::: Caption: Image: ESA:Hubble :::

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Cosmic Dust Forms in Supernovae Blasts




|| February 22: 2019: Cardiff University News || ά. Scientists claim to have solved a longstanding mystery as to how cosmic dust, the building blocks of stars and planets, forms across the Universe. Cosmic dust contains tiny fragments or organic material and is spread out across the Universe. The dust is, primarily, formed in stars and is, then, blown off in a slow wind or a massive star explosion.

Up until now, astronomers have had little understanding as to why so much cosmic dust exists in the interstellar medium, with theoretical estimates, suggesting it should be obliterated by supernova explosions. A supernova is an event, that occurs upon the violent death of a star and is one of the most powerful events in the Universe, producing a shockwave, which destroys, almost, anything in its path.

Yet, new research, published in the Monthly Notices of the Royal Astronomical Society, has observed the survival of cosmic dust around the closest supernova explosion detected, Supernova 1987A. Observations, using NASA’s research aircraft, the Stratospheric Observatory for Infrared Astronomy:SOFIA, has detected cosmic dust in a distinctive set of rings, that form part of Supernova 1987A.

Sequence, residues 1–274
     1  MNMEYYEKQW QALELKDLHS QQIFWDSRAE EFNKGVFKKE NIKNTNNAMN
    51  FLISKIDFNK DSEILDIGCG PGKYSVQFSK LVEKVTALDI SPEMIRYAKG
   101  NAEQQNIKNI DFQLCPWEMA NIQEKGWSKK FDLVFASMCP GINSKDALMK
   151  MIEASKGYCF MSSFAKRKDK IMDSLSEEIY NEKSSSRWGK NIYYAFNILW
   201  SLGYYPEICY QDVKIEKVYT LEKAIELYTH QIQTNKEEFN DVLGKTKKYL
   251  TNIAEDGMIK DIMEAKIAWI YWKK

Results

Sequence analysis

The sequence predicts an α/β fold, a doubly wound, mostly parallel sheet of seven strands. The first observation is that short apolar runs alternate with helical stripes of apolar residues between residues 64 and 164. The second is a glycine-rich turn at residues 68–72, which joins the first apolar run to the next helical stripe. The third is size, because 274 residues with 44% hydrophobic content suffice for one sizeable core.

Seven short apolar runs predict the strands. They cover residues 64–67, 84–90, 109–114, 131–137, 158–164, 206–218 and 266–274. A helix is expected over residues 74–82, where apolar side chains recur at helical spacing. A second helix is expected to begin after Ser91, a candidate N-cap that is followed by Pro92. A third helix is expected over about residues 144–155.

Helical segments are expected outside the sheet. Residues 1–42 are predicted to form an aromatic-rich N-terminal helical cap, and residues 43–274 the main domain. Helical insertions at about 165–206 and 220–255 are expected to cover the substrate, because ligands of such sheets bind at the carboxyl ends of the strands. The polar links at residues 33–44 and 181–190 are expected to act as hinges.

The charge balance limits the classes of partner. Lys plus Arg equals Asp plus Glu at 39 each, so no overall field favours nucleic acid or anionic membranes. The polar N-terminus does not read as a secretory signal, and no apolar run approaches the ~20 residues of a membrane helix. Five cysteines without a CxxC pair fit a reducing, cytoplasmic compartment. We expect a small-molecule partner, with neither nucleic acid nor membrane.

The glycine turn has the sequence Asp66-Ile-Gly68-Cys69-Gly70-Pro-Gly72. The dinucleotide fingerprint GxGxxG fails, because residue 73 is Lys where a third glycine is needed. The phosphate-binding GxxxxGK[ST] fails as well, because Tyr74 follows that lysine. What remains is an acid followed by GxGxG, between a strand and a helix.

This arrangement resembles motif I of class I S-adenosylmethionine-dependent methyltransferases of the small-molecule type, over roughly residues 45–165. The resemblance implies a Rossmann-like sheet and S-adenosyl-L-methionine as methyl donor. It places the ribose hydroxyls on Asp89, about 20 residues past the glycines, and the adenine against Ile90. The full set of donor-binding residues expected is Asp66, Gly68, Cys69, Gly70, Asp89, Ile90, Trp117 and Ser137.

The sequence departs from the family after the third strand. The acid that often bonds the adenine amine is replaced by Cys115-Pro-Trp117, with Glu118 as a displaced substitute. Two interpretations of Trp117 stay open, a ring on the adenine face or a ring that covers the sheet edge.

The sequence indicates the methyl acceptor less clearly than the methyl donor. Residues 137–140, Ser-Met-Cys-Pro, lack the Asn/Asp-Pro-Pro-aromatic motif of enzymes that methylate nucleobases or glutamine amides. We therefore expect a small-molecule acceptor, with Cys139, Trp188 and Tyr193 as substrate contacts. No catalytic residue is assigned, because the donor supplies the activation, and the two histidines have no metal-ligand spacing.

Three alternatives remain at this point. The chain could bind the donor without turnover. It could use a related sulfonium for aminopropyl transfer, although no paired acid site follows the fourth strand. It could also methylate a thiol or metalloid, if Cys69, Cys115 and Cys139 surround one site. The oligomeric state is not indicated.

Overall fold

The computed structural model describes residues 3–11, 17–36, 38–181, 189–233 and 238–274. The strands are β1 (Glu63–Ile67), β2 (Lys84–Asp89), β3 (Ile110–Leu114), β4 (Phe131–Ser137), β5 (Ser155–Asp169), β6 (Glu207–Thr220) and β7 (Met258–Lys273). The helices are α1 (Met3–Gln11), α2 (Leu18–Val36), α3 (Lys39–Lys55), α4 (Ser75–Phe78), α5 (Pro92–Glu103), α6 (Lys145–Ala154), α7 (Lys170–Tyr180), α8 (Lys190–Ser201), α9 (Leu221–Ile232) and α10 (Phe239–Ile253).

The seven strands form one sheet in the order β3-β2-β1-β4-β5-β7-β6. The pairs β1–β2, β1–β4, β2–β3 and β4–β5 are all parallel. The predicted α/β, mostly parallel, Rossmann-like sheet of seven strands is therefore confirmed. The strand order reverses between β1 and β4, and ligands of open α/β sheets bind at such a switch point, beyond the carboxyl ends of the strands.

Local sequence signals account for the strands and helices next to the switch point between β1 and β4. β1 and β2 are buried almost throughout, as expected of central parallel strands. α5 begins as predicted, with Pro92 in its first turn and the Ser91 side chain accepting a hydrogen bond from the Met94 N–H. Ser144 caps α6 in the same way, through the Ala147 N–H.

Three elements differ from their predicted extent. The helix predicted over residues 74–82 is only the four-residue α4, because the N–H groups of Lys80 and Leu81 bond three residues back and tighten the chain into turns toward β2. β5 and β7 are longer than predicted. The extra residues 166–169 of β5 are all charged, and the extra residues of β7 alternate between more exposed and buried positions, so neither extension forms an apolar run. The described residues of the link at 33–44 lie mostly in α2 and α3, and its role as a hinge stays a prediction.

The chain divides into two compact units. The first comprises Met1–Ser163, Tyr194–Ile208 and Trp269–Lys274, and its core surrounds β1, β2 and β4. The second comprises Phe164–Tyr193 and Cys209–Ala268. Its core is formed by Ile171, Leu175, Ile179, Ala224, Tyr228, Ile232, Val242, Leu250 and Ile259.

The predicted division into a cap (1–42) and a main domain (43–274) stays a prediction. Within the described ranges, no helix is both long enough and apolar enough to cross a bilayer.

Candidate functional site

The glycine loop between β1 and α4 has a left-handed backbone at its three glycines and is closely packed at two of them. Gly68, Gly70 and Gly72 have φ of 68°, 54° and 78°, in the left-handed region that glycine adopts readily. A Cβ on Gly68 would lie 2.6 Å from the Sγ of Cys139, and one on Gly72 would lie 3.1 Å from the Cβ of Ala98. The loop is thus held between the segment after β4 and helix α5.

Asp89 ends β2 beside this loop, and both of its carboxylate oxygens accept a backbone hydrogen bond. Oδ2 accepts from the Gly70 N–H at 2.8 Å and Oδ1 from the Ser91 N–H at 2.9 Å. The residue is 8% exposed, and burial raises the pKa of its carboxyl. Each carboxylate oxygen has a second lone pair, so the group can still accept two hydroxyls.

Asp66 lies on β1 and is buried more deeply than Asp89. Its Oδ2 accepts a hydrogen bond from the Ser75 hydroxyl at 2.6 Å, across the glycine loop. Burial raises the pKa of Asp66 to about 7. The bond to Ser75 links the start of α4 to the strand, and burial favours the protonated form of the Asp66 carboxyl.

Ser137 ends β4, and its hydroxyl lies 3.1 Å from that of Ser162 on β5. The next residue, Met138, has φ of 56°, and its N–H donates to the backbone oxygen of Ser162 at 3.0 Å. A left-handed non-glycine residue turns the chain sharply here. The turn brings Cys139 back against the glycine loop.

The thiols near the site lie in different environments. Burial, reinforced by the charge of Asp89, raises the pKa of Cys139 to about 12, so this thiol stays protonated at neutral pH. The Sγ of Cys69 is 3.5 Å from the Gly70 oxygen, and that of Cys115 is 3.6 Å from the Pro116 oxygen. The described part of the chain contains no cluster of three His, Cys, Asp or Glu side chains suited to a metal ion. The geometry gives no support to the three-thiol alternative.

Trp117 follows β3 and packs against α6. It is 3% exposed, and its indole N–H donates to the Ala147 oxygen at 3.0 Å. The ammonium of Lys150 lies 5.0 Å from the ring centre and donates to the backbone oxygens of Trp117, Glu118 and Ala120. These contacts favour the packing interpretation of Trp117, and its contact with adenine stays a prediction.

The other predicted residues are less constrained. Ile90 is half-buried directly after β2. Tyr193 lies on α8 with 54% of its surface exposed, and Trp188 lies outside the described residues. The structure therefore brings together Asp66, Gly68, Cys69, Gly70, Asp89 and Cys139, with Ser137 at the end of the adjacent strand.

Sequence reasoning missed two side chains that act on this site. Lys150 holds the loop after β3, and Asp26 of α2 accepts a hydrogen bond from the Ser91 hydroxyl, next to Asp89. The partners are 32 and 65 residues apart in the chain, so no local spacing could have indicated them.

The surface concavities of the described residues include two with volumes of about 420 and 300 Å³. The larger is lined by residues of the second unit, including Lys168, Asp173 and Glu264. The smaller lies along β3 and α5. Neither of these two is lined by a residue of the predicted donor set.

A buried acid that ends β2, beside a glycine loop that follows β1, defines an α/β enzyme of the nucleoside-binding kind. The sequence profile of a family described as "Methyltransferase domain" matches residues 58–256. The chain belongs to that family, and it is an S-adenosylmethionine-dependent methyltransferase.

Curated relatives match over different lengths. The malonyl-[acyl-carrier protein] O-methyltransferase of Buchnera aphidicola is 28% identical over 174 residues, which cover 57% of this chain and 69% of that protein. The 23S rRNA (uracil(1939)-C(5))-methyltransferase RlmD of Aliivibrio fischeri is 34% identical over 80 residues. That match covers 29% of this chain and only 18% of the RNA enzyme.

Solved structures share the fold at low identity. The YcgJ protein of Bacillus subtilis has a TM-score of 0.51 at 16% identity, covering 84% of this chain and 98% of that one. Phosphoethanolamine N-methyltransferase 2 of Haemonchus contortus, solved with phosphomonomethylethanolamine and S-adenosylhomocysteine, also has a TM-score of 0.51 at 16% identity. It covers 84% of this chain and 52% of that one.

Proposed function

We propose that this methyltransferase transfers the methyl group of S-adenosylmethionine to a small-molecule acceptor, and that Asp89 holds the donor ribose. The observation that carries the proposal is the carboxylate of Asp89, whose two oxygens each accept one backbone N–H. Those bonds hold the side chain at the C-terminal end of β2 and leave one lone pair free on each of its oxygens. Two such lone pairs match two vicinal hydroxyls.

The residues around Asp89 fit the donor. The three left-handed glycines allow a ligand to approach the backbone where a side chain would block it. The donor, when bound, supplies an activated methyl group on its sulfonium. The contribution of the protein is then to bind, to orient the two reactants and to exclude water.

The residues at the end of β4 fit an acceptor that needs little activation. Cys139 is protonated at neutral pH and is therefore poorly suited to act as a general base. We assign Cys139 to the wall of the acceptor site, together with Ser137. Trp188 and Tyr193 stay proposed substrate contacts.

The results seem to suggest that there is rapid growth of cosmic dust within the rings, leading the researchers to believe that dust, may, actually, be re-forming after it is destroyed in the wake of a supernova blast wave. This immediacy, that the post-shock environment, might be, ready to form or re-form dust, had never been considered before and, may be, pivotal in fully understanding how cosmic dust is both created and destroyed.

“We, already, knew about the slow-moving dust in the heart of 1987A.” said Dr Mikako Matsuura, the Lead Author of the Paper from the School of Physics and Astronomy. “It formed from the heavy elements, created in the core of the dead star. But the SOFIA observations tell us something completely new.”

Cosmic dust particles can be heated from tens to hundreds of degrees, causing them to glow at both infrared and millimetre wavelengths. Observations of millimetre-wave dust emission can, generally, be carried out from the ground, using telescopes; however, observations in the infrared are, almost, impossible due to interference from the water and carbon dioxide in the Earth’s atmosphere.

By flying above most of the obscuring molecules, SOFIA provides access to portions of the infrared spectrum not available from the ground.’’:::ω.